Robert Kanigel Interview, plus links to author biography, book summaries, excerpts and reviews

Robert Kanigel
Photo: Michael Lionstar

Robert Kanigel

An interview with Robert Kanigel

Robert Kanigel talks about is 2022 memoir, Young Man, Muddled

What, to you, makes a good story?

There has to be something beyond the bare facts, a larger theme, a natural flow with highs and lows, slowings-down and speedings-up. There has to be human conflict, people wanting something and not getting it, at least not right away.

Do you have any plans for a sequel?

Yes, it's something I've been working on for a while now. Right now I'm calling it Errors and Obsessions. The story picks up from Muddled in San Francisco, after my break-up from the woman I here call Maura. It's a tale of obsession, failure, and a kind of redemption, all built around a writing project I took on that I allowed to take me over, distort my life, and make me miserable, along with everyone around me, including my friends, my girlfriend, and my parents. I wound up in a psychiatric halfway house before finally deciding, quite consciously, that I would return to Baltimore. Baltimore had been so nurturing to me. It was the place where I grew into something like an adult, albeit a muddled one, and I needed to go back to it.

What is your writing process like?

Research the hell out of my subject, in every way I can imagine, then write. I usually try not to do any writing until I'm maybe 80 or 90 percent of the way through the research.

I have plenty of problems with the way I approach writing, but writer's block is not one of them. Because, I think, I'm completely tolerant of all the crud I write in first and second drafts. I'm not as focused on writing beautiful individual sentences as the best novelists, say, are. I'm a paragraph-oriented writer, always in search of a through-line that moves my story, and my reader, along; I want momentum. And to get it, I'm willing to forge ahead, let myself write all sorts of dreck, knowing that I'll be back, again and again, to try to make it good.

Are you an avid reader? Which genres do you read the most?

Everything. Except self-help, fantasy, and romance. More fiction than nonfiction. Literary fiction; mysteries, history, memoir, pretty much everything.

What does literary success look like to you?

Bob Dylan often writes one or another version of, Once you reach the top, you're on the way down, and of course he's right. I think many young people have dreams of a success where once you get to a certain point, everything is fine, that there's a place to get to. There isn't; you're going to encounter big disappointments all along the way and for the rest of your life. So get used to it. And what that means is that you'd better learn what really matters to you, and work yourself into a position where what you do, in work and otherwise, gives the deepest possible pleasure and satisfaction.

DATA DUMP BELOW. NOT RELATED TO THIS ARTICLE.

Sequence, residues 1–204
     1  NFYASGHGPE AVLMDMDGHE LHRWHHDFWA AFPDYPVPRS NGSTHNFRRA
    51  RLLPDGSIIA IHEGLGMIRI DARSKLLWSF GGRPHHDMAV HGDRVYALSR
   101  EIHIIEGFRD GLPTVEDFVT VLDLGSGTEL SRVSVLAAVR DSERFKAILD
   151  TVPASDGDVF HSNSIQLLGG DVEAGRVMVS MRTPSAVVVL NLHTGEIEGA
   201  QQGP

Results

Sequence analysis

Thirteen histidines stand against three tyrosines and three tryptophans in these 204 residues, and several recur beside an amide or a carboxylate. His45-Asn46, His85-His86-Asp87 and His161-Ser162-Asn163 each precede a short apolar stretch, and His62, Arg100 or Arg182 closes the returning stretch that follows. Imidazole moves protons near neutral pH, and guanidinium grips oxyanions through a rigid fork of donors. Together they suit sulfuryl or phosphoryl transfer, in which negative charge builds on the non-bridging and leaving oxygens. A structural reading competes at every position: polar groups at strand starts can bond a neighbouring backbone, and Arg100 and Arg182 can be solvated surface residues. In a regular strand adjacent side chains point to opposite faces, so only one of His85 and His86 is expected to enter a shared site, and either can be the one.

I think of my mother, who was a marvelously talented writer and person, and who was happy enough, I think, with her life as mother, wife, and homemaker. And yet, looking from the outside, I sometimes wished she had tested herself more against the world, though, at the time, being a woman trying to test yourself against the world was harder even than it is today. Would she have been more "successful" had she done so, or less? I don't know.

What prompted you to write this memoir now?

Well, I didn't write this memoir now. I wasn't even consciously writing it until a few years ago. I suppose it started when I was at MIT, in 2005 or 2006. I'd always known that "Maura" had been an enormous influence on my life back in the 1960s. I found myself thinking back to her, and about those days, and one day I just went to the computer and wrote some little fragment. Over the years, while I was working on other books, I would write down another little story, another little element. But I never had the intention of doing a book based on my life. Then, maybe five or six years ago, I guess I got more serious about it and thought maybe it could make a book. The idea crept up on me, and after long occupying a back corner of my writing life, it finally slipped into the foreground. Along the way, I showed drafts to some friends. They tried to be kind, but basically asked, Rob, what kind of a wretch were you to behave in some of the ways you did? That left me with a whole new set of regrets, and plenty to think about. Which I did, leading to fairly significant revisions. The whole thing took more than fifteen years, from about 2005 to now.